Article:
Family law

Children's law experts

Parental responsibility is not only a legal but also a serious responsibility for all parents who have it. It enables each parent to care for their children and make major decisions for the wellbeing of their child. We can advise you about your rights and if you do not have parental responsibility, we can advise you as to how to acquire it.

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Who gets parental responsibility?

The strictly legal definition of parental responsibility comes from the Children Act 1989 which defines it as 'all the rights, duties, powers, responsibilities and authorities which by law a parent of a child has in relation to the child and the child's property.'

That's the simple part to understand. However, while you might imagine that only biological parents have parental responsibility for a child, the truth is far more complicated.

While a child's birth mother automatically has parental responsibility, the biological father currently only has responsibility if he was married to the mother at the time of birth or has married her since.

Unmarried fathers don't automatically have parental responsibility if the child was born before 1 December 2003, though they do if the birth happened after that date and they are named on the birth certificate.

These days, most unmarried fathers only need to ensure their name is on the birth certificate in order to have parental responsibility.

What is parental responsibility?

Having parental responsibility means you have many legal rights and responsibilities in relation to your child. This enables you to be involved in making important decisions such as:

• Where the child should live

• What to name the child

• Where the child should be educated

• The child's religious upbringing which may include decisions relating to whether the child should be christened or whether the child should be circumcised.

• Whether the child is to receive certain medical treatments

As to where the child should live, it's important to understand that if you share parental responsibility with someone else, you are not able to remove a child from the country without the other party's consent.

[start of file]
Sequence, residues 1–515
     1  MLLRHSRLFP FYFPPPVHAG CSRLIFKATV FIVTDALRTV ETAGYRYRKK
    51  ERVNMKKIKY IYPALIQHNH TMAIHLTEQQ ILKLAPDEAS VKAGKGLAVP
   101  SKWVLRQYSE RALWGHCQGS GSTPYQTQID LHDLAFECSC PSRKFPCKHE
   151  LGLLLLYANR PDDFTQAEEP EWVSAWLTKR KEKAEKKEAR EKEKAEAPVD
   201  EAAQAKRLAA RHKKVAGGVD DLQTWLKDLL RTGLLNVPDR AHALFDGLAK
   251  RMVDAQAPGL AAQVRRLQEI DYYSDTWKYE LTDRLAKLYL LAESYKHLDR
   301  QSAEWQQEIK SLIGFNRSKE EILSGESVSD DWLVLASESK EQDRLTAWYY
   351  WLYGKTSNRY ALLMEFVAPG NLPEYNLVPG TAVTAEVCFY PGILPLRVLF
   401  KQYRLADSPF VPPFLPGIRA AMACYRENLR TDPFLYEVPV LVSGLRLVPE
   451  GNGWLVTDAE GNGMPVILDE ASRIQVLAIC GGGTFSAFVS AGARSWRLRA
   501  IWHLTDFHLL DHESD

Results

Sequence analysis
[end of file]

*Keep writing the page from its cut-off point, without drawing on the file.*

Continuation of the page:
The one exception to this is that a resident parent may take a child abroad on holiday for up to a month without consent as long as the child arrangement order makes provisions that the child should live with that parent.

However, if you remove a child from the country for longer than this without consent, you may be liable to charges of child abduction which can lead to substantial fines and even imprisonment.

Who can apply for parental responsibility?

Every child needs someone with their best interests at heart to be responsible for their welfare. That's why the law allows people other than biological parents to acquire parental responsibility in a wide variety of circumstances as well as biological parents who have now acquired parental responsibility automatically. These include:

Unmarried biological fathers: who can gain parental responsibility either by entering into an agreement with the mother; or by applying to the court for a Parental Responsibility Order, or by subsequently marrying the biological mother

Step parents, grandparents, civil partners and same-sex partners: who can acquire parental responsibility either by adopting the child, or by being appointed a guardian, usually after someone else with parental responsibility has died

• Special guardians: who are appointed by a court to ensure a child is looked after and who can over-rule other people with parental responsibility if they think it is necessary

• Local authorities: who acquire parental responsibility, usually after taking a child into care following care proceedings

If you believe that you should have parental responsibility for a child and want to hear more about your rights and responsibilities from an expert in family law, please call 0161 830 9632 or contact us online today and we will call you.

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